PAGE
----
Santa used to wear the whole suit, when some of the grandkids were younger. Now Santa shows up, several martinis deep, minus the suit but with the same hat. I don't know how long the hat has been around, but it's missing it's pompom, which makes for 100% of its charm. The day Santa shows up with a brand new hat and perfectly puffed pompom will be grounds for (another) mutiny.
Aside from his hat, Santa's sporting his red sack, chockablock with individually wrapped ... lottery tickets. Santa prides himself on everyone winning, and this is how it works: Santa, who speaks about himself in the third person, goes around to the group, in order of age, ladies first. This mean that my 94 year old Gram starts it off every year and the youngest boy cousin finishes the round. Anyone who wins, whether it's one dollar or one hundred, is out of the next round. This goes until all the cards are gone and most everyone has won. Now and again Santa has been known to wrap up five dollar bills and Dunkin Donuts gift cards for some extra insurance: Santa really wants everyone to win.
Would you believe that in all the many years we've been doing this no one has won over $100? (Let that be a lesson to you: The house always wins.)
Speaking of all those many years that The Saturday (it used to be Sunday) Before Christmas has been happening: In all that time I've only had to miss it twice, since I moved to the DC area. As is the case for most of us, it's always hard to balance all the holiday festivities, and it's impossible to make it to everything. It's especially hard when "everything" is happening hundreds of miles away. Every year it's difficult to make decisions about what can comfortably be made to happen, and what must be skipped, with no shortage of heartache and rending of garments over difficult decisions. And so the holidays go in adulthood.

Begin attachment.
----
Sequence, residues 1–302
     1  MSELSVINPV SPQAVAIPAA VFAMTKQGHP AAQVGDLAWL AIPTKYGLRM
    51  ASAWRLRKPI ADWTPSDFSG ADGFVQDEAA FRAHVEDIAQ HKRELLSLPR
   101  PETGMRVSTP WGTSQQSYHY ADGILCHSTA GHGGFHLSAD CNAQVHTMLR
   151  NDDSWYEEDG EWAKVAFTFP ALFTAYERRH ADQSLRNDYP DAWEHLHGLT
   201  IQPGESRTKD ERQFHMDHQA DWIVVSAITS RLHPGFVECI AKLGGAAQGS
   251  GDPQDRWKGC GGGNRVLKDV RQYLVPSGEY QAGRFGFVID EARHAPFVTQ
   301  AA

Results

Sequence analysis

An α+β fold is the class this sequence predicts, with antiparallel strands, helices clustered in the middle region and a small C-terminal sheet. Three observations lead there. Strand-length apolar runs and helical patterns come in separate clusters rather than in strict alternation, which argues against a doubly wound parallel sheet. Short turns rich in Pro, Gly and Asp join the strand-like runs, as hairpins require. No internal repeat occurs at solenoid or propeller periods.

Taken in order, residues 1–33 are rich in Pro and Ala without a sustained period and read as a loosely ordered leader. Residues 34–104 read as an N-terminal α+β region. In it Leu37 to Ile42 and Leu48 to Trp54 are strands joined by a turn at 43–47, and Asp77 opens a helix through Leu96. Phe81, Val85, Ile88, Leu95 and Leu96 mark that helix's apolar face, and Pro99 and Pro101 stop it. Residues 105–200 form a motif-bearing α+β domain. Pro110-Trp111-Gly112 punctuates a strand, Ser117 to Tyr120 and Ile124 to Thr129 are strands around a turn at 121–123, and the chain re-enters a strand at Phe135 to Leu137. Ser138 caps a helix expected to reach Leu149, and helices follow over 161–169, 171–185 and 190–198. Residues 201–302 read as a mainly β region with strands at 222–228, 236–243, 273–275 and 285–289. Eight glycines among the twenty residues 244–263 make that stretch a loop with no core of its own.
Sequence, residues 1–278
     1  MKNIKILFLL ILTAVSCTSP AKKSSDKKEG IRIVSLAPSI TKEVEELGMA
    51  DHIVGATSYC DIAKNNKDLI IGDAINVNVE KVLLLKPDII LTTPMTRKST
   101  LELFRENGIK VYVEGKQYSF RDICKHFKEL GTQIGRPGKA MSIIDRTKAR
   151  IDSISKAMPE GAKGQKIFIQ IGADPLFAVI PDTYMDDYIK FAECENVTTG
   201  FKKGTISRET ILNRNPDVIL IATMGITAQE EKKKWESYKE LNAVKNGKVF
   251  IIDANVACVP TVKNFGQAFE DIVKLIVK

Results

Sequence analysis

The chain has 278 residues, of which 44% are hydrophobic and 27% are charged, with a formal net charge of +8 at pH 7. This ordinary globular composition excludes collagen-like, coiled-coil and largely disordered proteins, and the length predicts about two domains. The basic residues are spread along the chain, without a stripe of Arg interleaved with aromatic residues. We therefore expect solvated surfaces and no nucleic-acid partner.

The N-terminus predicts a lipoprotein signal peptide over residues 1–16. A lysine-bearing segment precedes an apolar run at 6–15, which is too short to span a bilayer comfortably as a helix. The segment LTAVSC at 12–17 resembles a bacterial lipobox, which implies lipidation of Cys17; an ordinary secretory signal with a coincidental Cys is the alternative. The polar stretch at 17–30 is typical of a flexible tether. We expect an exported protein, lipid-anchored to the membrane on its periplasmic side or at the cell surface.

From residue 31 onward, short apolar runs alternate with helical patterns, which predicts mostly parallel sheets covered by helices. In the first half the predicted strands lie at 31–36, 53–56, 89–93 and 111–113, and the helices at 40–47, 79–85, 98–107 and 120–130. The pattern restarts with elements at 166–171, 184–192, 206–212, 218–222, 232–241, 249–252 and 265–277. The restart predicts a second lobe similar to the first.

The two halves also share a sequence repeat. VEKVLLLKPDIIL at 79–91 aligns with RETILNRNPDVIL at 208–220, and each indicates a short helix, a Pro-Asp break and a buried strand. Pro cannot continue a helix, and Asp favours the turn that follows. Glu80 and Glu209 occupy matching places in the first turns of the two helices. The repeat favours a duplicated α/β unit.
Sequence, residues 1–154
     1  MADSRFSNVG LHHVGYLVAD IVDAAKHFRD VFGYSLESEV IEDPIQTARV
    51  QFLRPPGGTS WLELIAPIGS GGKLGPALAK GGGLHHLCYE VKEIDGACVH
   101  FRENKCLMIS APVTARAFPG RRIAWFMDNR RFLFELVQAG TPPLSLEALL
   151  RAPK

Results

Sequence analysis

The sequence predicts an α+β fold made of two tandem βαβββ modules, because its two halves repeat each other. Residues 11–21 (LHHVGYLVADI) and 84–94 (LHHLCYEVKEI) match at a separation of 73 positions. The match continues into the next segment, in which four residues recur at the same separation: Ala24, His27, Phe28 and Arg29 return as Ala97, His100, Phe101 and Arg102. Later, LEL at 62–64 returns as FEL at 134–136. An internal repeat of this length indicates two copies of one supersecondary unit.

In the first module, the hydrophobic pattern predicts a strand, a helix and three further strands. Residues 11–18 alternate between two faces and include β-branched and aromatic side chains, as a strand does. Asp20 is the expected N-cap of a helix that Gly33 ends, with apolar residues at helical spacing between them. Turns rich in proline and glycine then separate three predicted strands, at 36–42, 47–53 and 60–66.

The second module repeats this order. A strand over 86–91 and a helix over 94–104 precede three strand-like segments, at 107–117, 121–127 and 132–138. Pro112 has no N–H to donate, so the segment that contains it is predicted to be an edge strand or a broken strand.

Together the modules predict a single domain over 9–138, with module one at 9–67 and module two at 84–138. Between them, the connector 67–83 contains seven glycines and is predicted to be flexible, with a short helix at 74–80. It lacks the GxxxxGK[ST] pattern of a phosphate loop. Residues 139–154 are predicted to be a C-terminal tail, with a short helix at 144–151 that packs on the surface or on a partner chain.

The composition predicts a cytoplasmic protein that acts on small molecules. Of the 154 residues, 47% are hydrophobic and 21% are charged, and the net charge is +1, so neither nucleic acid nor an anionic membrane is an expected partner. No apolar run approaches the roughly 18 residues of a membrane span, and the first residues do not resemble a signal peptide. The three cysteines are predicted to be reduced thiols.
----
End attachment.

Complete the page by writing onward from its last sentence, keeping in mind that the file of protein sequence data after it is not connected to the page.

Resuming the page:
But I have a secret. There's a way to combat this, the missing out on traditions. And it's this: Make some new ones. I'm telling you, it's one of the very best things about being a grown up. What have become my traditions as an adult? On Christmas Eve my husband makes cinnamon rolls from scratch. We pop them in the oven Christmas morning, and pop a bottle of bubbly while we're at it (Mimosas!). Cinnamon rolls from scratch are labor intensive and a pain in the ass, which is all the better for ensuring that they're a once a year treat. Not only are they delicious (and I wish I had a recipe to share, but it's all in Zach's head), but I love having something of our own to celebrate with each other, and with those who may come to visit. It's the perfect bridge between the past and present, the old and the new: exactly as the holidays should be.
This is my last post before the new year. I've mentioned it before, but want to thank you again for taking time out of your lives to read here and for being such wonderful supporters of Food Lush. It's been a lot of fun for me in this little corner of the internet this year, and it's all because of you. I wish you and your family a healthy, happy season full of warmth, joy, and light. Happy new year, my friends. May it be the best one yet.
What are your family holiday traditions, old and new?
(All photos were taken by me, last year at the lake.)